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Early voting starts Monday

By CJ HADDAD - | Oct 15, 2020

Voting machines throughout the state of Florida are warming in preparation as early voting in Florida for the 2020 General Election begins Monday.

From Oct. 19 through Oct. 31, local residents can submit their ballots at 11 different sites across Lee County prior to the Nov. 3 General Election.

In a release, Lee County Supervisor of Elections Tommy Doyle said he wants residents “to vote safe and vote early to avoid large crowds in the November General Election!”

Early voting times at each of the locations are from 10 a.m. to 6 p.m. Florida law requires voters to provide picture and signature identification when voting in person. Picture identification cannot be expired. If your signature identification does not contain your signature, an additional identification with your signature is required. Any form of signature identification is acceptable. Signature identification does not need to be current.

“We’re hoping to promote early voting so that people take advantage of it because of the simple fact that they’ll have 13 days to be able to vote at any one of the 11 locations,” said Lee County Elections Office spokesperson Vicki Collins. “We’re hoping for the people who want to vote in person that they do it during early voting — for their safety and their convince.”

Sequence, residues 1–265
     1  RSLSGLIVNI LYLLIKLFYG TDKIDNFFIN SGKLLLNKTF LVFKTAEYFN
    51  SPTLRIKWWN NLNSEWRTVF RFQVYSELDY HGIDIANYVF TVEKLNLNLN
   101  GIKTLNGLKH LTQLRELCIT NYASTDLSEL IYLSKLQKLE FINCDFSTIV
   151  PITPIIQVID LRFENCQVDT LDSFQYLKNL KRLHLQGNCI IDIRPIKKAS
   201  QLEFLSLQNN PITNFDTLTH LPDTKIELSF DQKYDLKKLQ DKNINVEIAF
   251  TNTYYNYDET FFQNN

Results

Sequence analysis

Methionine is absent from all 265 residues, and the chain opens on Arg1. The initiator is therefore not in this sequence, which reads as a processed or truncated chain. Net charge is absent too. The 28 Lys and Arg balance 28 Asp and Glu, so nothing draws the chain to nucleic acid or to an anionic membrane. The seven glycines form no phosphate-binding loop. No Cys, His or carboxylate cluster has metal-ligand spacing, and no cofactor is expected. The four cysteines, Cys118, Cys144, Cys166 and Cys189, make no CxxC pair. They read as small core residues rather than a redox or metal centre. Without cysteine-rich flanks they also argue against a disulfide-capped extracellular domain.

With current public health standards in place at polling locations, Lee Elections officials said the voting process might not be as swift as in prior years. They hope residents use the 13-day early voting period to space out the amount of people coming in at once, namely on the Nov. 3 deadline.

On Thursday, the by County Canvassing Board administered a logic and accuracy test on machines that will be used both during early voting and on Election Day to make sure ballots are being correctly decoded and counted.

All poll workers are required to wear masks and will keep voting areas sanitized throughout each day. The elections office is requesting those who vote in person to wear a mask but masks are not required.

“It’s a simple gesture for them to thank their poll workers who are brave enough to work and serve their community during this time,” Collins said.

Completed vote-by-mail ballots can also be dropped of at every polling location in a specified, secured drop-box outside of the voting area up until Election Day.

Races in the 2020 General Election include:

U.S. House of Representatives D-19

The District 19 U.S. House of Representatives race comes down to Republican nominee Byron Donalds and Democratic choice Cindy Lyn Banyai.

Donalds earned the nomination in a crowded GOP primary, edging out State Rep. Dane Eagle in a closely contested race.

Banyai defeated David Holden to earn her party’s nomination.

Patrick Post has qualified for the General Election as a write-in candidate.

State Senate District 27

The Florida Senate District 27 race features Republican nominee Ray Rodrigues against unopposed Democrat Rachel Brown.